The father-daughter bond is one of the most important there is. According to many studies, the presence or lack thereof can be a large determinant of a woman’s success in marriage and life. My father is my partner in crime, and he is 46 years my senior. He lived an entire lifetime before I even graced this earth. I’m not sure if it was right timing (if men are sometimes more ready at a later age) but whatever it was, it worked for us. I have been traveling with my father since I was born. We would go to Kauai, Hawaii for three months every year to escape the Wisconsin winters, and three months every year I got to run around Hawaii like the little Haole (Hawaiian slang for foreigner) I was.

The first time I stepped foot outside of the US I was 15 years old. Prague, Barcelona, and Paris was the itinerary. Once I was exposed to this world, I knew there was no going back. My dad and I have been to 23 countries over the past decade, and I wouldn’t be the same woman I am without these adventures.  It is hard to put into words the experiences gained while traveling, and just as travel is a crucial ingredient to the makeup of a human, so is the ever-important father-daughter relationship. Every situation is different, and I am acutely aware of how privileged and lucky my relationship is with my father.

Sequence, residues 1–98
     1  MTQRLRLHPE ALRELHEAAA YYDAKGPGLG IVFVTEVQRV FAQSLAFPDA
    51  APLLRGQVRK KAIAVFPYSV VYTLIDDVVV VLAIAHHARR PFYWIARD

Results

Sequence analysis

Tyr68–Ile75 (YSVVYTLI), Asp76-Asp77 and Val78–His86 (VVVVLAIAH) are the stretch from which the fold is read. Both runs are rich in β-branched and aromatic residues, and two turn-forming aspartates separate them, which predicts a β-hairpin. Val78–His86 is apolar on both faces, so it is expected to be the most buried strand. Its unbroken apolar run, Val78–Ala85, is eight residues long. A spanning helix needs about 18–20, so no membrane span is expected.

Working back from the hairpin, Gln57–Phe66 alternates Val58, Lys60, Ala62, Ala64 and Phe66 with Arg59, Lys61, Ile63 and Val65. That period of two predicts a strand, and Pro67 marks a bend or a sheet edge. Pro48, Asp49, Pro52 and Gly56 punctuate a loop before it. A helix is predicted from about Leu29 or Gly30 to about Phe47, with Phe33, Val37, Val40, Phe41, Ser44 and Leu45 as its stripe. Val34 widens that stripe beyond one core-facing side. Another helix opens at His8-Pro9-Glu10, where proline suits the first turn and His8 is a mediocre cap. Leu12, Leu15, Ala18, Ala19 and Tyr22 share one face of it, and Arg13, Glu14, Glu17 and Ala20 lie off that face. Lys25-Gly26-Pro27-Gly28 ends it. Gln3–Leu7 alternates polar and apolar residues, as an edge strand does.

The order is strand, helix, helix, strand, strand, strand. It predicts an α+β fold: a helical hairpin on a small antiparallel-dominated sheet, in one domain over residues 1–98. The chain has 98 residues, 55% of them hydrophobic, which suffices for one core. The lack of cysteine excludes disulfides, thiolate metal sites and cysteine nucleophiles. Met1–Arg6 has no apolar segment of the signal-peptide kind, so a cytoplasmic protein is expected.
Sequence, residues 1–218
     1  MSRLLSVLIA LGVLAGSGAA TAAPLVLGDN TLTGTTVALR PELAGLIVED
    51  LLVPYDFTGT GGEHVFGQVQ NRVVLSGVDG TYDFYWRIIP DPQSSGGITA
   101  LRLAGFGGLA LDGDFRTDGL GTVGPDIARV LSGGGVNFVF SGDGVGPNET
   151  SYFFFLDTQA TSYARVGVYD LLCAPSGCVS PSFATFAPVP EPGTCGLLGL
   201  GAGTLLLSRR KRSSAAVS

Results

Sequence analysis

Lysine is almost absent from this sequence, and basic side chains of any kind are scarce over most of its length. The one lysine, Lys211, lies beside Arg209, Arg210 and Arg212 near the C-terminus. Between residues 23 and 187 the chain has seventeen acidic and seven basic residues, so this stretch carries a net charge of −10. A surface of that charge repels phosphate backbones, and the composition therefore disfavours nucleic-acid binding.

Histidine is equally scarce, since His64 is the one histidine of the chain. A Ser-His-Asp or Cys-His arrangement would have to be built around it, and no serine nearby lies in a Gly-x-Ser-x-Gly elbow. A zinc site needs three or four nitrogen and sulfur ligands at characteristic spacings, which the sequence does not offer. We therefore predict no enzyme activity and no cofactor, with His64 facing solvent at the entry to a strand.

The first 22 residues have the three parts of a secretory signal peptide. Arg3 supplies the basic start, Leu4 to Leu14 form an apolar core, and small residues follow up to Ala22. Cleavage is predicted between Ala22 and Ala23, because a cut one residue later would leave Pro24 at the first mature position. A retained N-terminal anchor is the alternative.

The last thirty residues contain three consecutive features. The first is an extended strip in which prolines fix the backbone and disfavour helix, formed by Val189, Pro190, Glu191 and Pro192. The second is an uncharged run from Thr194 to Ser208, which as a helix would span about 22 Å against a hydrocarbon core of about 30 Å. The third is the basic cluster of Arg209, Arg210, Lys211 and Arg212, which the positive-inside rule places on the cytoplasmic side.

I know this isn’t on the table for everyone, and I can’t, unfortunately, change that. But, to all the dads and daughters out there (if you’re both willing and able) – please travel together. Go somewhere or everywhere just the two of you, and really get to know each other. You don’t have a lot of time, and before you know it you will be off adventuring on your own, and your dad won’t be around forever.

Among the laundry list of lessons learned while traveling together, here are a few of the realizations from traveling with my dad: 

You have to prioritize the things you want in life 

Tim Ferris (best-selling author of the renowned 4 hour work week) once said that, “being busy is a satisfying substitute for doing important work.” My dad was never too busy for me, (although nowadays I think he would say I am too busy for him). My parents are divorced and my dad could have chosen a lot of other travel partners, but he didn’t, he always chose me. It’s funny how good it feels to be chosen, to be picked as the one to go on adventures with. It shouldn’t mean so much, but it always did in my case, and I think it always will.

It’s okay to eat with your hands and get messy 

I was stuffing sushi in my mouth at age 2. Literally, my dad had to stop me from consuming too much raw fish as I licked the Hawaiian sticky rice off my fingers as a child. He taught me that nothing was ever too weird and that trying things you’ve never had before is always a hell of a lot more fun. Food is such a vital piece to the cultural puzzle of a new destination, and now I’m not afraid to try anything thrown at me.

Staying playful makes life/travel a lot more fun